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Brill's Series on the Early Middle Ages, Volume: 15 The appearance in of A.H.M. Jones' The Later Roman Empire – A Social, Economic, and.
Table of contents

Nummius Albinus, consul in 34 5, was never anything but comes ordinis primi. Of this we can be certainfrom the record of his career put up by his son. In other cases definite proof is lacking, but the consular fasti include, besides members of the imperial family, praetorian and urban prefects, and magistri militum, the names of men who are not recorded to have held any high office.

Some are mere names to us, others are known to have belonged to one of the great families, like Anicius Hermogenianus Olybrius and Symmachus, the grandson of the orator, consuls in and They may perhaps have held a brief prefecture of which no records survive, but more probably they thought even the highest office beneath them. Even in the fourth century there were imperial favourites like Optatus or Datianus who were accorded the patri- ciate and the ordinary consulship, but are never recorded to have held any office.

Many members of the new nobility of the fifth centuries seem like their Western colleagues to have confined themselves to a few illustrious offices, and some to have held none at all. Most of the senatorial commissioners at the Council of Chalcedon had held some illustrious office, but Senator, consul in 43 5, is recorded in the minutes as 'the most glorious ex-consul and patrician'. The consular jasti record as many Eastern as Western consuls who are not known to us to have held any office, and not a few of these doubtless, like Senator, actually held none.

Such great nobles, who held no offices of state, were not neces- sarily idle men. Senator not only served on the imperial com- mission which guided the debates of the Council of Chalcedon, but undertook the more arduous task of going as ambassador to Attila. He was, as Theodoret' s letters to him indicate, an active member of the comitatus, whose support it was worth while to enlist. But many great aristocrats, especially in the West, seem to have taken no interest in public affairs. They lived that life of leisured ease otium which was acknowledged as the birthright of a senator.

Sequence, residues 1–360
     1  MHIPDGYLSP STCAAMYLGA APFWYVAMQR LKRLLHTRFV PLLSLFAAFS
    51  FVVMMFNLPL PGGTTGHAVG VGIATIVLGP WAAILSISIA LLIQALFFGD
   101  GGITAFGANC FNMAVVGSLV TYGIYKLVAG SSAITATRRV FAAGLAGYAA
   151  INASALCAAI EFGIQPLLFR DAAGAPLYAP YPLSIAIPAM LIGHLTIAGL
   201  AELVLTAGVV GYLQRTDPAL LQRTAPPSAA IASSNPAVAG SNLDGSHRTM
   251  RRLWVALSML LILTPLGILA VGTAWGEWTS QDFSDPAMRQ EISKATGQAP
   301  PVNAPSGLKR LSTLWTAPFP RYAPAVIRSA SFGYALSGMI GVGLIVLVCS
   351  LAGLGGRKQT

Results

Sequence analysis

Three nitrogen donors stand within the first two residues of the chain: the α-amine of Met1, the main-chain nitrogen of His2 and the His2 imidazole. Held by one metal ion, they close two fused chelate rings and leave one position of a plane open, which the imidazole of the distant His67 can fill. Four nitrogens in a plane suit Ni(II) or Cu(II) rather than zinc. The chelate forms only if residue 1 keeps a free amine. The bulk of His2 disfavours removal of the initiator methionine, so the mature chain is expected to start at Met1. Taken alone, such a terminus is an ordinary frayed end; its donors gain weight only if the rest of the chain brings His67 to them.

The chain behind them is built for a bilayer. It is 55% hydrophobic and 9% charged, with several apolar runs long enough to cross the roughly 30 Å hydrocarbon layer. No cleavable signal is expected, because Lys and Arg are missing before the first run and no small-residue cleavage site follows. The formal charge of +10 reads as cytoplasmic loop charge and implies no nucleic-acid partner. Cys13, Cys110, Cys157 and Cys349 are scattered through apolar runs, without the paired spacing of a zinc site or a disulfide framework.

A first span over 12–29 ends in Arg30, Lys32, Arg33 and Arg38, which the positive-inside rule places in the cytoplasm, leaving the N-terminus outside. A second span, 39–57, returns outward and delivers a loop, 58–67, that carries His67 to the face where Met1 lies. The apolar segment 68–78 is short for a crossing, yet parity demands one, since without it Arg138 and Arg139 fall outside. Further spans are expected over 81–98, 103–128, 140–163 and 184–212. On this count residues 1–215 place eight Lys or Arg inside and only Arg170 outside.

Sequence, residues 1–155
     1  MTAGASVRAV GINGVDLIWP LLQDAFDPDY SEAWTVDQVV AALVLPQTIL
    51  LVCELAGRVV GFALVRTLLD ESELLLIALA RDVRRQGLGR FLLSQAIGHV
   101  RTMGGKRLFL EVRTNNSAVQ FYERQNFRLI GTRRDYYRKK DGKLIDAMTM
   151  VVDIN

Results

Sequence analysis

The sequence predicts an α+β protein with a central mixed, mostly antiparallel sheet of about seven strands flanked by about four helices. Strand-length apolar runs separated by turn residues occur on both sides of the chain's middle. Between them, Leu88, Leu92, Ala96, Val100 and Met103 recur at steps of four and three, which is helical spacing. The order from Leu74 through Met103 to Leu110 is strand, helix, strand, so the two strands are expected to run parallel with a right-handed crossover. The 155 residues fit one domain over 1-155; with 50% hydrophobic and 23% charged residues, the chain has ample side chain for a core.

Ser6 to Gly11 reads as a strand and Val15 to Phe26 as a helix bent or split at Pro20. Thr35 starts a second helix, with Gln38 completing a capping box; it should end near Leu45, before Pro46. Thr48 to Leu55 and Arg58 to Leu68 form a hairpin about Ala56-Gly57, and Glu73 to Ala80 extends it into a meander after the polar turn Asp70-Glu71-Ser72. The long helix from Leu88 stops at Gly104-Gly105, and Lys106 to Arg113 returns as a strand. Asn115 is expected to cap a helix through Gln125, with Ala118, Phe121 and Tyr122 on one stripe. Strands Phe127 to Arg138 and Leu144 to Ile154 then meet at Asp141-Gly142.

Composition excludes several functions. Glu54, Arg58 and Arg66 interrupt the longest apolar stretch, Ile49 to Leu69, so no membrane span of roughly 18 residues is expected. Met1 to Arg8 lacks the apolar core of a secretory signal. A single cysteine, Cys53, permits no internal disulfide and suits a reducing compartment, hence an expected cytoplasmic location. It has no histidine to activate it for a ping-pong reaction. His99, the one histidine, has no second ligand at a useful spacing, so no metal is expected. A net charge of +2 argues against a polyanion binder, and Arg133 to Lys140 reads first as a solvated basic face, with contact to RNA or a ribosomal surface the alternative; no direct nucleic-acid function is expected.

He castigates their ostentatious luxury- their palatial mansions, their huge staffs of pampered slaves, their towering carriages, their extravagant clothes, and their gargantuan banquets, where enormous fish and birds were solemnly weighed at table, and their weights recorded by attendant notaries. He is even more severe on their idleness and frivolity.

They regard a journey to one of thejr more distant estates as a major expedition, they care for nothing except the races, dancing girls and ganling. Their libraries are locked like mausolea, and the only literature they read is the satires of Juvenal and the scandalous biographies of Marius Maximus. Great senators certainly lived on a princely scale.

The biographer of Melauia waxes lyrical about the huge stocks of silken and embroidered garments and of silver plate which she and Pinianus distributed to the churches when they adopted the ascetic life. Symmachus mentions in his correspondence, besides three houses in Rome, fifteen villas which he possessed in various parts of Italy. The staffs to maintain all these mansions with their parks and gardens must have run to many hundreds, if not thousands as John Chry- sostom alleges.

Near Enna in Sicily have been revealed the ruins of a country house which may well have belonged to the Symmachi, who are known to have sometimes resided in the territory of Enna.